Cincinna'tus 3. T. Quinctius Cincinnatus Pennus, L. F. L. N., son of L. Cincinnatus, and son-in-law of A. Postumius Tubertus, was consul in B. C. 431. In this year the Aequians and Volscians renewed their attacks, and encamped on mount Algidus. The danger was so pressing, that it was resolved to appoint a dictator. The opposition of the consuls was overruled; and Cincinnatus, to whose lot it fell to do so, named as dictator his father-in-law. Cincinnatus and Postumius then led separate armies against the enemy, who sustained a severe defeat. (Liv. 4.26-29.) Cincinnatus was again consul in 428 (Liv. 4.30; Diod. 12.75) and consular tribune in 426. (Liv. 4.31; Diod. 12.80.) With two of his colleagues he commanded against the Veientians, but sustained a defeat, on which Aemilius Mamercus was appointed dictator. In the capacity of legatus he aided the dictator in the victory which he gained over the Veientians and Fidenatians. Having been subsequently brought to trial for his ill-conduct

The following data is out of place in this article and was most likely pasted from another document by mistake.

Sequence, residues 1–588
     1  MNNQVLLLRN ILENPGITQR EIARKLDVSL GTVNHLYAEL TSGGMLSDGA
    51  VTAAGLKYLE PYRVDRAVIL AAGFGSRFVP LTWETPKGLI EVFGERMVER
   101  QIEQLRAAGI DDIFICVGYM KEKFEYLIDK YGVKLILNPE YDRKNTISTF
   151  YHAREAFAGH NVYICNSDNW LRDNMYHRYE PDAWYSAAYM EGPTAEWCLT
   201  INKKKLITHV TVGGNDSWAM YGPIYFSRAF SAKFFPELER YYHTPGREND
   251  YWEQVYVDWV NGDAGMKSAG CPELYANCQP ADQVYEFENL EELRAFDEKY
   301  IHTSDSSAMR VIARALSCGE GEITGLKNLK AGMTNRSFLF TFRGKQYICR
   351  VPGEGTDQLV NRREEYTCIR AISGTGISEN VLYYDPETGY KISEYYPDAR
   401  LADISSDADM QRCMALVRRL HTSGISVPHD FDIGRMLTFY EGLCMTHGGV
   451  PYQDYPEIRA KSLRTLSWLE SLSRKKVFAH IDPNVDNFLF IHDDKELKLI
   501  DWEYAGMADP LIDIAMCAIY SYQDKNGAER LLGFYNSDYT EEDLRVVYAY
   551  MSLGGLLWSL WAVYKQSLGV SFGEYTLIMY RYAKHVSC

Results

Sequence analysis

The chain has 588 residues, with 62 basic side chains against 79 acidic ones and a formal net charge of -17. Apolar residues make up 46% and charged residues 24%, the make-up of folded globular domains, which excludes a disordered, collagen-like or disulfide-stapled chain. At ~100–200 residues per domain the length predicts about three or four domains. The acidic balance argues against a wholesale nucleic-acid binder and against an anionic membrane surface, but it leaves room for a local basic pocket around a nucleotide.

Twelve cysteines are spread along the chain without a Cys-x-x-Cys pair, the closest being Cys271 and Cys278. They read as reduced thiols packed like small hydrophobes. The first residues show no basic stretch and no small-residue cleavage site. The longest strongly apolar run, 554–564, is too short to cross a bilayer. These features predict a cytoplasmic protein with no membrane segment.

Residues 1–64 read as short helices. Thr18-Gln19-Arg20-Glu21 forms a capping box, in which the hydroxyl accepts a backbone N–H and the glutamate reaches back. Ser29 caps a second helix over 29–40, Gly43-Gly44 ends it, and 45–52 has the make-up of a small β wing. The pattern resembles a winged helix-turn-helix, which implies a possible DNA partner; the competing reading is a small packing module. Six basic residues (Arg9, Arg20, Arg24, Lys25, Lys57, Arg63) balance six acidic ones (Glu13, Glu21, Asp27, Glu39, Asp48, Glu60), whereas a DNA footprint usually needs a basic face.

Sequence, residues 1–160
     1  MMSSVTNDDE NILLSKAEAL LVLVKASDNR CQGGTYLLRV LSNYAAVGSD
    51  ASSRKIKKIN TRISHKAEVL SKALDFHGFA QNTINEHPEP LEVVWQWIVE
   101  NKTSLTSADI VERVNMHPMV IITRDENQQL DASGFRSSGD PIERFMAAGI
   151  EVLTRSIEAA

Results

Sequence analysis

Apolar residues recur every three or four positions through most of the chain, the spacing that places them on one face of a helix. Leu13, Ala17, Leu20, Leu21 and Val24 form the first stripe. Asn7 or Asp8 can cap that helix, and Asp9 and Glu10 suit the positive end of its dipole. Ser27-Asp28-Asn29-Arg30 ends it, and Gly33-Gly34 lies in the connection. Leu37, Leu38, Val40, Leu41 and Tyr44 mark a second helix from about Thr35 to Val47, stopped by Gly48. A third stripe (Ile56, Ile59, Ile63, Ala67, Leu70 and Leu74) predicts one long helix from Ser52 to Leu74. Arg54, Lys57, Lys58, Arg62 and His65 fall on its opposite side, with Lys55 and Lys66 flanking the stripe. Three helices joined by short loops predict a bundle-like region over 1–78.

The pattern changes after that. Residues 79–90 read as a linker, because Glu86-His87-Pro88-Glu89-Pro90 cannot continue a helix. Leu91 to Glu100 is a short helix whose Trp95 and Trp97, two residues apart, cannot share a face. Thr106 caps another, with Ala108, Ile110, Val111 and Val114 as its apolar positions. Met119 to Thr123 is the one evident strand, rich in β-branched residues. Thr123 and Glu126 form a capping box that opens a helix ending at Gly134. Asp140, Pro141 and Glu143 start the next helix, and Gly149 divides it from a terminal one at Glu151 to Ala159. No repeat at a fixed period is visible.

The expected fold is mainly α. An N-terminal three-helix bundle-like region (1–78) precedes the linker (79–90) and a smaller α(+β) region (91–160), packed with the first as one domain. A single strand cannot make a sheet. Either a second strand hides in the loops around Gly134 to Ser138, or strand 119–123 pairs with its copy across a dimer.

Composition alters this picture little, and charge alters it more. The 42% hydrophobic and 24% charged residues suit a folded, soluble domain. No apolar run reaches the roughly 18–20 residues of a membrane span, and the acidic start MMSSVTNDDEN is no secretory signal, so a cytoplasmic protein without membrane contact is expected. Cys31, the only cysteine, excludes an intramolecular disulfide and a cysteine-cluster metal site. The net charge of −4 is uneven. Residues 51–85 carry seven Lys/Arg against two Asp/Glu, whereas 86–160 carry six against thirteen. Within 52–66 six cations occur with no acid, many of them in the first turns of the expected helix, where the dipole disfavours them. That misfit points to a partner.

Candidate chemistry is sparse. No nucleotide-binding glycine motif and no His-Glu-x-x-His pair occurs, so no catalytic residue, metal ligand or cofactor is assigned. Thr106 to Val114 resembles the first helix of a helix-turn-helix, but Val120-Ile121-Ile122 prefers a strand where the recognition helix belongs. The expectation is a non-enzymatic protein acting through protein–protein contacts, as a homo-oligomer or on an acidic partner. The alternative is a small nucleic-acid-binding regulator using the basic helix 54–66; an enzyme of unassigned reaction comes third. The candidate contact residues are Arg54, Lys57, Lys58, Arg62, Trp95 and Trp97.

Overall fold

A Dictionary of Greek and Roman biography and mythology (ed. William Smith), Diony'sius or Diony'sius the Elder or the Elder Diony'sius (search)
Diony'sius or Diony'sius the Elder or the Elder Diony'sius (*Dionu/sios) the Elder, tyrant of SYRACUSE, must have been born in B. C. 431 or 430, as we are told that he was twenty-five years old when he first obtained the sovereignty of Syracuse. (Cic. Tusc. 5.20.) We know nothing of his family, but that his father's name was Hermocrates, and that he was born in a private but not low station, so that he received an excellent education, and began life in the capacity of a clerk in a public office. (Cic. Tusc. 5.20, 22; Diod. 13.91, 96, 14.66; Isocr. Philip. § 73; Dem. c. Lept. § 141, p. 506; Polyaen. Strateg. 5.2.2.) He appears to have early taken part in the political dissensions which agitated Syracuse after the destruction of the great Athenian armament, and having joined in the attempt of Hermocrates, the leader of the aristocratical party, to effect by force his restoration from exile, was so severely wounded as to be left for dead upon the spot. (Diod. 13.75.) We next hear of him
Evarchus (*Eu)/arxos), tyrant of the Acarnanian town of Astacus in the first year of the Peloponnesian war, B. C. 431, was ejected by the Athenians in the summer and reinstated in the winter by the Corinthians. (Thuc. 1.30, 33.) Nothing is mentioned further either of him or of Astacus, but it is probable that the Athenian interest was soon restored. (Comp. 1.102.) [A.H.
Eu'machus (*Eu)/maxos). 1. A Corinthian, son of Chrysis, was one of the generals sent by the Corinthians in the winter of B. C. 431 in command of an armament to restore Evarchus, tyrant of Astacus, who had been recently expelled by the Athenians. (Thuc. 2.33